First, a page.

Juan Gil 2013 100 Anniversary Red Wine 1500ml (94MVW)

Juan Gil 2013 100 Anniversary Red Wine 1500ml (94MVW)

  • Size: 1500ml
  • Item Code: 851115002584
  • Vintage: 2013
$36.99 Regular: $42.99

This is a winner from Juan Gil Family Estates which pulled out all the stops to commemorate their 100 Year Anniversary with a special cuvee. The goal was to produce an affordable wine that conveys the soul of the Gil family. We say… Mission accomplished!

This blend of 50% Monastrell, 25% Cabernet Sauvignon and 25% Syrah is made in a fruit forward, delicious, crowd pleasing style offering lush fruit flavors with admirable complexity. It is a wine with such purity of fruit that it would make winemakers from the Rhone Valley to Paso Robles green with envy.

Dark ruby in color, displaying concentration. Notions of purple florals greet the nose leading to aromas of dusty cherry, raspberry, blue fruits and plum framed with well-integrated oak. On the palate, the wine is rich yet well-balanced with silky smooth tannins. The darker fruits really start to assert themselves with black cherry, fresh blueberry, boysenberry and just-ripe plum augmented by notions of vanilla and mocha. The finish is long and satisfying.

Ratings and Awards

  • 94 Martha's Vineyard

Spain

With 1,200,000 hectares, Spain has more land under vine than any other country in the world. As of 2004, data from OIV indicates that Spain has 35% more land under vine than Italy or France. However, due to harsh climate, historic setbacks, and past regulatory constraints on irrigation, Spain lags France and Italy in yields and volume of wine produced.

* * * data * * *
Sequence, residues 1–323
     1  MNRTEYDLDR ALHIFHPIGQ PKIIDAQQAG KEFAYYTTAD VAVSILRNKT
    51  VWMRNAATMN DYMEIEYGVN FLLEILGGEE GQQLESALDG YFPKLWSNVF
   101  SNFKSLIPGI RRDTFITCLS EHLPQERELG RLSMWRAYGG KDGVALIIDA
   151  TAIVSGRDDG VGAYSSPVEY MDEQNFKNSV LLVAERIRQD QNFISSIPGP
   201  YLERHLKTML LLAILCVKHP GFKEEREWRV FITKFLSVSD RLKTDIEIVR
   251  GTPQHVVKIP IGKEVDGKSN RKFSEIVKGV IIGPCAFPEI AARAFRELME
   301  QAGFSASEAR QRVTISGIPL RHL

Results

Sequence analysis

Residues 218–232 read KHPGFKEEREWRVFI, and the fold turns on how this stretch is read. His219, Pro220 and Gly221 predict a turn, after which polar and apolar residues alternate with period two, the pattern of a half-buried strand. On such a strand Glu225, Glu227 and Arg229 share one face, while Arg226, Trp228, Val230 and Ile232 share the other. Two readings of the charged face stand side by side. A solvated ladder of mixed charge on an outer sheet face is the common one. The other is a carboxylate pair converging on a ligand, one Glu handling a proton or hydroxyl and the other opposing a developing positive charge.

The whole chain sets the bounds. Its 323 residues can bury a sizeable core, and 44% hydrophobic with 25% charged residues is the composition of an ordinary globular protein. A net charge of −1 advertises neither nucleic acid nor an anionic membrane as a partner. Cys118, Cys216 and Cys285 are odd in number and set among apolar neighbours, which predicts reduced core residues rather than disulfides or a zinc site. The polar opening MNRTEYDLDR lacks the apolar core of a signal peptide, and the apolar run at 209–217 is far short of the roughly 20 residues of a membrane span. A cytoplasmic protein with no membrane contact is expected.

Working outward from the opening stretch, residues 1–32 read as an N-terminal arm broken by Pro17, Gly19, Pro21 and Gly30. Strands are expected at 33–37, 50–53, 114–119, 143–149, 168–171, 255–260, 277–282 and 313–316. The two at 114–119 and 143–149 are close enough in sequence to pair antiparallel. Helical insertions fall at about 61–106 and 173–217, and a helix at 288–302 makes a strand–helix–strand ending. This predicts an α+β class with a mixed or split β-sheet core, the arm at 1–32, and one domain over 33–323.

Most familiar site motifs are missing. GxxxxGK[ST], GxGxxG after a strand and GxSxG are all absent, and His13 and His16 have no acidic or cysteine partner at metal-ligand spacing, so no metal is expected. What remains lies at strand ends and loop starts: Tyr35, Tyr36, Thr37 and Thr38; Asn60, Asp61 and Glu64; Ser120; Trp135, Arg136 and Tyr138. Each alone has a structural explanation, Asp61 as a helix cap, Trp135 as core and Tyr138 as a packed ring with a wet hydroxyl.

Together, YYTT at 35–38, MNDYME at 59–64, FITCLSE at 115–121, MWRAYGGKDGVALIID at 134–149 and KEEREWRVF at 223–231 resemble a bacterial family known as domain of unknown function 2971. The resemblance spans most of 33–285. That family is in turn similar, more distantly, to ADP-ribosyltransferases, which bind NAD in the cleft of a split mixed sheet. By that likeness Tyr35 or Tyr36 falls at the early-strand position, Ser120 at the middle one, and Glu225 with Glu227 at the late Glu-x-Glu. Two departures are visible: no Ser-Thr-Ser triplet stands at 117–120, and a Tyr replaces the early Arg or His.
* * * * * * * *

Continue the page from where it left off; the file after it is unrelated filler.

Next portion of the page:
Spain is also the home to many varietals. Tempranillo and Garnacha (Grenache) are widely planted. Grenache, planted in Southern France, is actually Spanish in origin. Other varietals include Viura (or Macabeo), Albarino, Verdejo, Airen, and Palomino and Pedro Ximenez.

Note there there are many local names for the same grape. For example, the massly planted Tempranillo is known as Ull de Llebre in Penedes, Tinto Fino or Tinta Del Pais in Rebera Del Duero, Tinta de Toro in Toro, and Cencibel in Valdepenas!

Spanish Wine Regions:

  1. Rioja Tempranillo and Grenache
  2. Galicia & Castilla y Leon Tempranillo, Albarino
  3. La Mancha Various

Appellation Classifications

Like France and Italy, Spanish wines fall into a similar quality tiered system:

  • Vino De Mesa: Lowest, most basic table wine category. Wine is often made from blended grape varietals and regions. No vintage date nor associated region allowed.
  • Vino Comarcal: Like france’s vin de pays, the wine is associated to a classified region.
  • Vino De La Tierra: Equivalent to France’s VDQS — a category down from DO.